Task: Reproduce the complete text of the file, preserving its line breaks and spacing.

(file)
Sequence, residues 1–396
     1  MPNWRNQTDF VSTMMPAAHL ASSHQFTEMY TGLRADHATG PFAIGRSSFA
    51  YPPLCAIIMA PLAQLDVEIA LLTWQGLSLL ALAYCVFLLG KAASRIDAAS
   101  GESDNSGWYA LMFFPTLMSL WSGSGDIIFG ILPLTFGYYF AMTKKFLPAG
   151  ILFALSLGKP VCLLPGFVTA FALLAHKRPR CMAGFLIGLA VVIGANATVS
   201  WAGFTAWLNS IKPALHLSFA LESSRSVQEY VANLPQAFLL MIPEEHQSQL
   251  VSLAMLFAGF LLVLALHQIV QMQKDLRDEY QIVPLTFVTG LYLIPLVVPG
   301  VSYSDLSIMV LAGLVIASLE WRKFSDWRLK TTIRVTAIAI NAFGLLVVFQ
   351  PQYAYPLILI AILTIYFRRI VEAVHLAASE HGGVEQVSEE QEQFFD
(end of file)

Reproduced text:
Sequence, residues 1–396
     1  MPNWRNQTDF VSTMMPAAHL ASSHQFTEMY TGLRADHATG PFAIGRSSFA
    51  YPPLCAIIMA PLAQLDVEIA LLTWQGLSLL ALAYCVFLLG KAASRIDAAS
   101  GESDNSGWYA LMFFPTLMSL WSGSGDIIFG ILPLTFGYYF AMTKKFLPAG
   151  ILFALSLGKP VCLLPGFVTA FALLAHKRPR CMAGFLIGLA VVIGANATVS
   201  WAGFTAWLNS IKPALHLSFA LESSRSVQEY VANLPQAFLL MIPEEHQSQL
   251  VSLAMLFAGF LLVLALHQIV QMQKDLRDEY QIVPLTFVTG LYLIPLVVPG
   301  VSYSDLSIMV LAGLVIASLE WRKFSDWRLK TTIRVTAIAI NAFGLLVVFQ
   351  PQYAYPLILI AILTIYFRRI VEAVHLAASE HGGVEQVSEE QEQFFD